The gifts

The kneeler attached to the pew was positively pennetential. The pew itself wasn’t much better. My back is still sore.

It has probably been 15 months since I darkened the door of a church. It has been 3 years since I could call myself a parishioner of anywhere. The liturgy is unchanged, the words rolling off my tongue. I remember the ritual, the places to stand, to sit, to kneel. I can still sing the words of the hymns. I didn’t care for the sermon but that’s always a gamble anyway. As with most Anglican churches I was the youngest by 30 years.

A lifetime of this. Knowing when to stand, to sit to kneel. The responses and the hymns I can recite by heart. All of it, and I struggle to figure out how it all goes together. I am to traditional and to liberal, all at once.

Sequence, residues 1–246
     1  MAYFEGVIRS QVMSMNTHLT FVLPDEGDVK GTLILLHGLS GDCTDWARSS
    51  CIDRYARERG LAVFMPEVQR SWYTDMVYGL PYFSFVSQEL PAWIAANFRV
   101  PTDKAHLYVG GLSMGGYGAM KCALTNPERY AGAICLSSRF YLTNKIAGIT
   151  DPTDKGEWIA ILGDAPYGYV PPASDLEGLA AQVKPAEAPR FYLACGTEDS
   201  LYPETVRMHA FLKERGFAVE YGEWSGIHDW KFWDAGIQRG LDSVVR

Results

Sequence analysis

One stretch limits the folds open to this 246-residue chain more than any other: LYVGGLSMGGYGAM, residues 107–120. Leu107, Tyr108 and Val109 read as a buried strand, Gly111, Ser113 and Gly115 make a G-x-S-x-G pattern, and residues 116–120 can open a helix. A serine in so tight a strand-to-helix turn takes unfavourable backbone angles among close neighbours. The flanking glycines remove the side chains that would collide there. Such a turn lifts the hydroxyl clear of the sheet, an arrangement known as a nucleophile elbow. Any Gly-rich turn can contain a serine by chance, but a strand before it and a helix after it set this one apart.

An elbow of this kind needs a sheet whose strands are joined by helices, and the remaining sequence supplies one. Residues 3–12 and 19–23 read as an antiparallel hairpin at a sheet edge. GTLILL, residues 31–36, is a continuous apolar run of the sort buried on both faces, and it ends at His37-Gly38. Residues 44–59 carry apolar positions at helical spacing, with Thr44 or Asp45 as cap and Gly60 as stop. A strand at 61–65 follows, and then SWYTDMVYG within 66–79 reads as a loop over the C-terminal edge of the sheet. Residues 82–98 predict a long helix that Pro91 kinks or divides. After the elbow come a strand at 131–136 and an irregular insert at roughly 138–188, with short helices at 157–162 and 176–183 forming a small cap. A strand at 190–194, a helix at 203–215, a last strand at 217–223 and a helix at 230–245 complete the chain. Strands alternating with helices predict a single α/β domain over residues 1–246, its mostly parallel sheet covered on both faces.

I wonder, thinking of Philip Larkin’s poem. A shape less recognizable each week, a purpose more obscure. Surely Maundy Thursday must be the most obscure. And yet, with all my questions, my misgivings, I find myself like Larkin’s cyclist, bowing my head in awkward reverence.

I still go. At least sometimes.

He is Risen / Risen indeed / Alleluia

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6 Responses to The gifts

  1. loribeth says:

    I haven’t been to church in eons either (I don’t think I even went on Christmas Eve this year with my mother)… but whenever I do, it all comes back! Happy Easter!

  2. Sigrun says:

    Happy Easter, Mr. and Mrs. Spit and pets. ☺

  3. Kristin says:

    He is Risen indeed!

    Happy Easter, Mrs. Spit.

  4. a says:

    I will be in church for the first time in a couple years next week. My niece will be making her first Communion. That’s about all I ever go for anymore.

    Happy Easter!

  5. Barb says:

    Too traditional and too liberal…

    I identify with that. Church has gotten better for us.

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